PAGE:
It is all too common to see that when the economy improves, those who benefit most from the recovery are those at the very highest income levels, many of whom were insulated from recession in the first place.
In fact, in the years after the Great Recession real wages fell for everyone but the wealthiest 10 percent of Americans. During that same time, the number of billionaires worldwide doubled.
A reversal of this trend, ensuring that a greater share of wealth returns to workers and working families, will require wholesale reform, but there are immediate, simple measures that can be taken to make a difference now.
One of those is the project labor agreement, bargained collectively between a given project’s owner/manager/contractor and the workers who will build it, establishing basic terms. This makes a difference because economic recovery manifests itself in public investment – building things, infrastructure and public facilities, in particular.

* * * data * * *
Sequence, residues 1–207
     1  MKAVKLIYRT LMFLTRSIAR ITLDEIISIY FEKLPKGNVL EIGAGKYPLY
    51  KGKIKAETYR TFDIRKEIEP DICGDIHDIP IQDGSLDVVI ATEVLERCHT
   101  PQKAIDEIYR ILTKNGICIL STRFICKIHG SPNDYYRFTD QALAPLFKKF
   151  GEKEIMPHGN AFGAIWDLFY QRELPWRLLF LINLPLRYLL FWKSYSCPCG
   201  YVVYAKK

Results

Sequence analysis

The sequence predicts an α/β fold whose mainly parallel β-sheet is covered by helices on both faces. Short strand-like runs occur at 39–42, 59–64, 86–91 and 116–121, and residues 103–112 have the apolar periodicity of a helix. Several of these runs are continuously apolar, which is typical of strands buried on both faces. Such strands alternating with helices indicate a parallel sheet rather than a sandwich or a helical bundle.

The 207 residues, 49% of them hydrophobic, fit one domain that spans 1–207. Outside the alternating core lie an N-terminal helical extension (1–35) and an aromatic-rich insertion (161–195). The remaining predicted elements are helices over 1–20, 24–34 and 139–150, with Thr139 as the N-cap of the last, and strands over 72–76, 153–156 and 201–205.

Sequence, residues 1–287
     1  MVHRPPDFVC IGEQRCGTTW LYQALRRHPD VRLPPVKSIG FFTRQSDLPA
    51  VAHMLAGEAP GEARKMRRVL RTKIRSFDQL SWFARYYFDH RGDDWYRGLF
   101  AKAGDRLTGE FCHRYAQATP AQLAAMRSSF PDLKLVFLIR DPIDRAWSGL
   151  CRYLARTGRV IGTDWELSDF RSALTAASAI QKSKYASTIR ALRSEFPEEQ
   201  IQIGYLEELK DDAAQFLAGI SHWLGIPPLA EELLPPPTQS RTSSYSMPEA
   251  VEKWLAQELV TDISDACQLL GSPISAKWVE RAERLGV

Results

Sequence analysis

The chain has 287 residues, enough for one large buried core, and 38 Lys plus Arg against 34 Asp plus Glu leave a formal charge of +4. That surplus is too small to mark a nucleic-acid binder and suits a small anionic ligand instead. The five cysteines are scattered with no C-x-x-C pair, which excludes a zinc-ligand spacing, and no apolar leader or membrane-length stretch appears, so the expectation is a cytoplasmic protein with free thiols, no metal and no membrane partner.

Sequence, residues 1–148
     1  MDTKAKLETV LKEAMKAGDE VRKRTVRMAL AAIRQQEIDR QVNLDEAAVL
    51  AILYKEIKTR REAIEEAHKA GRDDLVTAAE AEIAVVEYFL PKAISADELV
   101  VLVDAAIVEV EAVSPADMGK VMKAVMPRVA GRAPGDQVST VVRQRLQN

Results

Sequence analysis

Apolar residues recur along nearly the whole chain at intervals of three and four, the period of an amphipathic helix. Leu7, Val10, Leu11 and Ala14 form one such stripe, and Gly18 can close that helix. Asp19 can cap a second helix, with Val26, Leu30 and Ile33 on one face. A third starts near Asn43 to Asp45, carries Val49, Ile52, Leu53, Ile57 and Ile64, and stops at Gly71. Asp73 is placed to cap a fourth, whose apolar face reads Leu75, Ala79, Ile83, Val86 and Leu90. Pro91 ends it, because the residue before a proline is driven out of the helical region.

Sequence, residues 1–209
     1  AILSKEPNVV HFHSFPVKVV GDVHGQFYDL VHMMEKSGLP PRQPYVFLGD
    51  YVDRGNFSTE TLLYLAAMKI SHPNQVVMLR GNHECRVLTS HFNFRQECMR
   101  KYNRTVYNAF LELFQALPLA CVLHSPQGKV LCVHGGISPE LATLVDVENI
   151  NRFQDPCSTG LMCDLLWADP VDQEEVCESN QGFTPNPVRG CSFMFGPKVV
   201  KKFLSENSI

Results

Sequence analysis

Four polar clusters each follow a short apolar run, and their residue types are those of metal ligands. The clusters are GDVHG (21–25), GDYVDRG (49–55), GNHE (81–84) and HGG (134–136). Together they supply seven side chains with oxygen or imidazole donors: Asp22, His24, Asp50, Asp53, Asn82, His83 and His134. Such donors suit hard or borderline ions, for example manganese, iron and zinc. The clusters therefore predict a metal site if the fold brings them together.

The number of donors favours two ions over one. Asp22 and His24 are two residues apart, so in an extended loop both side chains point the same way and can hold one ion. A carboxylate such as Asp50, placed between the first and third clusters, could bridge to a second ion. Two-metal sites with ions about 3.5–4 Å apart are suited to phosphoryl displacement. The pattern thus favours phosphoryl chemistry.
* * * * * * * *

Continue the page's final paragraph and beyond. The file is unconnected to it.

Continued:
Requiring negotiated labor agreements ensures everyone’s boat rises, that benefits accrue to all, to working families as well as to millionaires.
Project labor agreements can also be extremely effective at promoting other goals, including workforce development, and employment and opportunity for underrepresented communities.
The City Council of Stockton recently affirmed the value of project labor agreements by voting to require them on all new public construction, action I was confident the council would take.
I stand behind the use of project labor agreements, and the important social and economic goods they provide.